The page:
Transmitting shortwave digitally offers the advantage of long-distance coverage and a higher fidelity signal. Text information such as news and weather can also be embedded in the signal and decoded at the receiver. Recent studies show that DRM is just as reliable as analog shortwave over this distance via single-hop transmission. An added benefit of DRM transmissions is they use a quarter of the power that analog transmissions.
This new shortwave service is named Radio Purga (“Radio Blizzard”), a joint project between the government in Chukotka and the Far Eastern Regional Center and the government in Chukotka
The target audience includes people in the Northern Sea including mariners, miners, geologists, hunters, and nomadic reindeer herders. All of these groups would benefit from both news and weather as well as traditional entertainment programming.
A range of test transmissions commenced in August 2019 via different DRM modes and bandwidths to trial “hardware setup and determine signal acceptability,” with the goal of covering over 95% of the area. Programming consists of a music loop and interestingly has been heard as far away as the United States.
Currently the broadcaster is still carrying out transmission tests on 5935, 6025, 11860 and 15325Khz.
Radio Purga’s regular programming is expected to begin sometime in the next few months. One of shortwave’s finest capabilities is to communicate to hard-to-reach locations. Radio Purga’s audience is spread over a remote and vastly spread region.
Resuming shortwave via DRM will provide the population with a critical communication source in both audio and text.
Do you enjoy listening to shortwave and have noticed the frequencies used by your favourite broadcaster change twice a year? Interestingly there is a scientific reason behind this.
Shortwave travels long distances because of its unique way of propagating. The transmission is beamed upwards towards the sky where it is reflected back down to earth spanning a huge distance between the two points. In good conditions a single transmitter is able to reach millions of listeners around the world.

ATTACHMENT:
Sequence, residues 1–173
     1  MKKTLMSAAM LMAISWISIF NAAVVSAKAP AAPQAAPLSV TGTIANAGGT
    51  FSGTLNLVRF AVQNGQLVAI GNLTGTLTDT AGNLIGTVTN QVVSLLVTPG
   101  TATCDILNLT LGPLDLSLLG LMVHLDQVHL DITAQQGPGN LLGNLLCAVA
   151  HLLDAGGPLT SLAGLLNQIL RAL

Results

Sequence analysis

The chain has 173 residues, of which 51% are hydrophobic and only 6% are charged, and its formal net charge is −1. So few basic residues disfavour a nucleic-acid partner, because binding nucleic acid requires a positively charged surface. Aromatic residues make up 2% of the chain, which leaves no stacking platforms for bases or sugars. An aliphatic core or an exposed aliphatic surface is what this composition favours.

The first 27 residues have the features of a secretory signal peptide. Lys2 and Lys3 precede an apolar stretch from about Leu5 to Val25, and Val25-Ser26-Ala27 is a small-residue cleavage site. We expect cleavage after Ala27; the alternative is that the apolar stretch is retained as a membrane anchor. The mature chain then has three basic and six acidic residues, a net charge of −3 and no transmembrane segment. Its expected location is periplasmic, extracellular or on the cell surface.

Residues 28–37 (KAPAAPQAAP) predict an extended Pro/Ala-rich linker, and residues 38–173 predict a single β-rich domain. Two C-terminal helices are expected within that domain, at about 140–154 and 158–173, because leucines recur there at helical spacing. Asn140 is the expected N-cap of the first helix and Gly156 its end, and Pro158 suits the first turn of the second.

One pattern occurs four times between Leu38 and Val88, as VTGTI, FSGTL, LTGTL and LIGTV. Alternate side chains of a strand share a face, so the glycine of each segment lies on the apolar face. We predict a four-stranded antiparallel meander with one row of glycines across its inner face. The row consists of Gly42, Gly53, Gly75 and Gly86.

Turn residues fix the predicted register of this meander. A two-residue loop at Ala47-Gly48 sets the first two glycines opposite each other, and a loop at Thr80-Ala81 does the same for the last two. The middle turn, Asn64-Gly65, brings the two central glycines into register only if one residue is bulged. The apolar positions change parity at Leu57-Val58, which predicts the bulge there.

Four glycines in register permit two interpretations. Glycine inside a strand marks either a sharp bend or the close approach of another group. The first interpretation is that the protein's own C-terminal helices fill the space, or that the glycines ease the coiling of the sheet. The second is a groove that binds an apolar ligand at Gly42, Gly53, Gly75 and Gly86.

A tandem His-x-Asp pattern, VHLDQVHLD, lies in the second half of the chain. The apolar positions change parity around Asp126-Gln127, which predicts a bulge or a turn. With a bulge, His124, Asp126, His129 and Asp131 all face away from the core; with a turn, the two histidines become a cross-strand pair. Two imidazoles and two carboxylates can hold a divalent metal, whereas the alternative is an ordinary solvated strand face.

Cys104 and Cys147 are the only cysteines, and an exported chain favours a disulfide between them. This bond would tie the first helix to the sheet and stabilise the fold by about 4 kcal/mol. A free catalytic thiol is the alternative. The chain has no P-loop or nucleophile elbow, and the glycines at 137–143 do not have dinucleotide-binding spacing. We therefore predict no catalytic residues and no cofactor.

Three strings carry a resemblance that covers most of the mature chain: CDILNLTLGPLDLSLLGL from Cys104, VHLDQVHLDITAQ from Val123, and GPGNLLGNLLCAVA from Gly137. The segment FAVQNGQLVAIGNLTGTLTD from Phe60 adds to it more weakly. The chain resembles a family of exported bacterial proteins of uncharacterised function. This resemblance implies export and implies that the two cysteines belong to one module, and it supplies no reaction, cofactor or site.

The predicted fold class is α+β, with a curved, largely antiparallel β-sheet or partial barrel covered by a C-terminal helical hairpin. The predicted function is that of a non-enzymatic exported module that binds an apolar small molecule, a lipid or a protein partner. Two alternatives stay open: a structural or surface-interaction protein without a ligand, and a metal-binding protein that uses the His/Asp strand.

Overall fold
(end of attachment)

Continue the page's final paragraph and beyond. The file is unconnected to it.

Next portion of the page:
This is what makes shortwave unique and incredibly effective, especially to remote audiences as well as to areas where news and information is highly controlled.
As a general rule, higher frequencies (SW) work best during daylight hours and summer time while lower frequencies (MW) work better in darkness – before dawn and during the long winter evenings.
This same frequency can not be used all year round because as the seasons change the number of daylight hours at any location can directly affect the optimum frequency band. This is because the energy from the Sun required to ionise reflective layers in the upper atmosphere is directly impacted by the sunlight hours available. So seasonal changes causing shorter sunlight hours will affect daily propagation of a higher frequency, and so a lower frequency will need to be chosen to provide similar coverage during the period of shorter days.
The High Frequency Coordination Committee (HFCC, under the ITU International Telecommunications Union) is the body that has the responsibility to decide when to change shortwave frequencies.They must coordinate these changes with all the major shortwave broadcasters around the World.
To ensure the optimal transmission conditions the HFCC recommend two seasonal frequency schedules – summer and winter – known as the ‘A’ and ‘B’ seasons.
The changeover between seasons is internationally agreed to occur on the last Sunday in March (start of ‘A’ season) and the last Sunday in October (start of ‘B’ season), which coincides with start and end of ‘Daylight Saving’ in many countries, where local time can change.
The changeover ‘A20’ season has just occurred on Sunday 29th March, and the frequencies agreed for all shortwave transmissions will continue until the beginning of the next season ‘B20’, on Sunday 25th October.